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This column reflects the opinion of the writer. Learn about the differences between a news story and an opinion column.

Opinion >  Column

The Slice: Sidetracked by a different train of thought

The Slice asked readers what had been thrown at them from moving cars while they were out walking, running or biking.

Responses were predictably depressing. Readers told of seemingly everything from bottles to firecrackers being hurled in their direction by chuckleheads in cars.

But let’s not dwell on the actions of a few nitwits. Instead, I suggest we enjoy a different sort of story. This arrived in The Slice’s email inbox with “Things thrown from moving vehicles” in the subject line.

“My name is David Slater,” it began. “I go running on the railroad tracks in the Ponderosa neighborhood. The first time the train came by while I was running, I pumped my arm and was rewarded with a blast on the horn.

“A week later, another train started to go by. I moved off the tracks, pumped my arm like last time, and the train slowed down. The engineer opened his little window and threw me a cold bottle of water. I still have the empty bottle on my bookshelf. Best tasting water ever!”

Wildlife in your car: All God’s children have had a marmot in their vehicle. Or so it seems. But how about this?

Tom Bacon, who lives in a rural area south of Coeur d’Alene, was getting into his car in the garage. A window was open.

“I heard a sudden huge racket of fluttering and thrashing in the back seat.”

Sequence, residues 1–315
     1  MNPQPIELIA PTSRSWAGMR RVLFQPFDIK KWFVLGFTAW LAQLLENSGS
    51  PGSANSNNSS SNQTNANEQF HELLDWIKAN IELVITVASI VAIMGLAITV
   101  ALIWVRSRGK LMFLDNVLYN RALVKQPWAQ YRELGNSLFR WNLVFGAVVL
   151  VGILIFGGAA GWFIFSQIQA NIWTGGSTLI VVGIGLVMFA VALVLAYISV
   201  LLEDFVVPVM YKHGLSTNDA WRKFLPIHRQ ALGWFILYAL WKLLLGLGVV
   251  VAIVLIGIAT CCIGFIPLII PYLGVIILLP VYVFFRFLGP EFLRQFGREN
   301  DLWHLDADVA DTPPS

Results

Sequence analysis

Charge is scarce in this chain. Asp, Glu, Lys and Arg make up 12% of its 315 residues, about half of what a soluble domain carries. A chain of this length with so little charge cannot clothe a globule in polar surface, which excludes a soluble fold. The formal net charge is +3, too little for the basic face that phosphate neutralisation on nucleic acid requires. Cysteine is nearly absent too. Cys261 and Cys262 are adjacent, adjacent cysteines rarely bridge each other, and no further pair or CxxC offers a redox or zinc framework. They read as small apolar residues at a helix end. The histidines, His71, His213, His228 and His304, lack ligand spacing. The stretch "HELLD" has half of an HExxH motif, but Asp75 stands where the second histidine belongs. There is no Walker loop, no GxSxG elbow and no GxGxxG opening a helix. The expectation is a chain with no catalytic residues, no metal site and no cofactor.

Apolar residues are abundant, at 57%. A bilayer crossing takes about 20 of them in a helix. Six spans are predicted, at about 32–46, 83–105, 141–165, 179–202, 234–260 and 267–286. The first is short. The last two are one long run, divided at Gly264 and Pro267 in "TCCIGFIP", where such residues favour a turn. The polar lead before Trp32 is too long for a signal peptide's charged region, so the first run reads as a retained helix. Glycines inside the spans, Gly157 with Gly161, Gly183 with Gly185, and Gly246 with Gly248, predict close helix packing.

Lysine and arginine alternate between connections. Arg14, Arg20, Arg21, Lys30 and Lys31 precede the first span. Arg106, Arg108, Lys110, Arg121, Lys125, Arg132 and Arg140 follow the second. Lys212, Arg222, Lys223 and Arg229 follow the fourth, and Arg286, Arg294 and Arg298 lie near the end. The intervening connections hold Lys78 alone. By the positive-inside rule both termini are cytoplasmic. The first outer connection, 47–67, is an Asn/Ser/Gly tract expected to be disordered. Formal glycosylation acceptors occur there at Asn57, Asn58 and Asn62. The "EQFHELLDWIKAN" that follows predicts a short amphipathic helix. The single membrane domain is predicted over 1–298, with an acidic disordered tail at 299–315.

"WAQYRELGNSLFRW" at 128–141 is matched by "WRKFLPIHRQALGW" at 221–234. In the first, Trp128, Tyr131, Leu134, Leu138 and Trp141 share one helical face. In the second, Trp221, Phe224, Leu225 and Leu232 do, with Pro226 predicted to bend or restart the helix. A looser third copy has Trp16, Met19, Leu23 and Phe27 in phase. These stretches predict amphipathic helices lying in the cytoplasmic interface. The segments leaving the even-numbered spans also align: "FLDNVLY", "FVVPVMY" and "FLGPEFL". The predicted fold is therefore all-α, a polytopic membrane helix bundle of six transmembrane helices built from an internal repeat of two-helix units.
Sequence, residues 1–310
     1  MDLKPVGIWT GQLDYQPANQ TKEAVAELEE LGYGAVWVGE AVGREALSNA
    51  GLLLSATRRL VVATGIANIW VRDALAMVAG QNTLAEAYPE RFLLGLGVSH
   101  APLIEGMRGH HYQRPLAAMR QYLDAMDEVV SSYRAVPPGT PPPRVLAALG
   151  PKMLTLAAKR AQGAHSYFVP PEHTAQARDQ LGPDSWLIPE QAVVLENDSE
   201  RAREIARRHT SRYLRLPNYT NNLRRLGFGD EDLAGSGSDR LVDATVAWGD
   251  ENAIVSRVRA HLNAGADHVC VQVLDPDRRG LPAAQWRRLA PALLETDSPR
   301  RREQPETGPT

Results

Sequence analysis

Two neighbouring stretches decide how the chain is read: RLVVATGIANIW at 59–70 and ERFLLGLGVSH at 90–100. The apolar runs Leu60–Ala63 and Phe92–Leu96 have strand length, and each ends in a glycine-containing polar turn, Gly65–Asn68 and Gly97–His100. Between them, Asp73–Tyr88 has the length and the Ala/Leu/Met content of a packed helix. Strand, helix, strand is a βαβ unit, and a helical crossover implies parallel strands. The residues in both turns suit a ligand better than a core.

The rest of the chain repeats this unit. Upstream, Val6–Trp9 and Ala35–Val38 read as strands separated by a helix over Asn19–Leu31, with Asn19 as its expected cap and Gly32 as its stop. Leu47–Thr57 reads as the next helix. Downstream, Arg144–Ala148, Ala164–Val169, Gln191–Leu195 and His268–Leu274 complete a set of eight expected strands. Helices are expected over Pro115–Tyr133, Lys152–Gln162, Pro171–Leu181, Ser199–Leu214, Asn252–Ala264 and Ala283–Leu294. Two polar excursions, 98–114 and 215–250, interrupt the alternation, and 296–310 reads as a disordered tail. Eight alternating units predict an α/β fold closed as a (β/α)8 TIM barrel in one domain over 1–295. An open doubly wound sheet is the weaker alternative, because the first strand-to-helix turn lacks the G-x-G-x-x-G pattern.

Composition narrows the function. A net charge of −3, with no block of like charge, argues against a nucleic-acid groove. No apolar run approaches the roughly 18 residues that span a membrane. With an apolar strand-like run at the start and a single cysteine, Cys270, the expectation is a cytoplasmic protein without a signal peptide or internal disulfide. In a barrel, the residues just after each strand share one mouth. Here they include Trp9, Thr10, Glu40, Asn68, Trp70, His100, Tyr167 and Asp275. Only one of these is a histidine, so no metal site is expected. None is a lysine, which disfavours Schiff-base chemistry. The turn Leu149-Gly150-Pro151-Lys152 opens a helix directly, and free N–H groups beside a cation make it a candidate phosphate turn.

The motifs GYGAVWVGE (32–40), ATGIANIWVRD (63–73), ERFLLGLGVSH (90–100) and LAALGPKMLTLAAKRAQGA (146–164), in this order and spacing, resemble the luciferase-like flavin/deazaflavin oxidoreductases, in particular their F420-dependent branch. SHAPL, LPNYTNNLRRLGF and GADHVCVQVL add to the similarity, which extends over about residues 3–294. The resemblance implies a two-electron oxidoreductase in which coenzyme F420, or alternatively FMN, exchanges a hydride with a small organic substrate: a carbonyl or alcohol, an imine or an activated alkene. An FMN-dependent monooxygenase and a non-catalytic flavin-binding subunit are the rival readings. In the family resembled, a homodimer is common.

Tom jumped out of the car.

“When I opened the rear door, there was a California quail looking up at me from the floor mat. It fled with that explosive takeoff so typical of quail.”

So now Tom has something to add to his pre-driving checklist: Check for quail.

Slice answer: “My mother was the director of a small church choir for several years,” wrote Ruth Rayman. “When I was in the sixth or seventh grade, I wished to join the choir.”

So Ruth asked and her mother looked at her for what seemed like a long time.

Her mother’s pause was understandable. When I asked Ruth if she could sing back then, she answered, “Not a single note, at least not the correct ones.”

Back to our story.

Finally, Ruth’s mother answered. “I think that would be nice, of course you can.”

But she had one request of her daughter. “Just sing very quietly. Please.”

Today’s Slice question: If I say “Hot August night” will you be hearing the 1972 version of Neil Diamond for the rest of the day?

Write The Slice at P. O. Box 2160, Spokane, WA 99210; call (509) 459-5470; email Better get another bag of ice.

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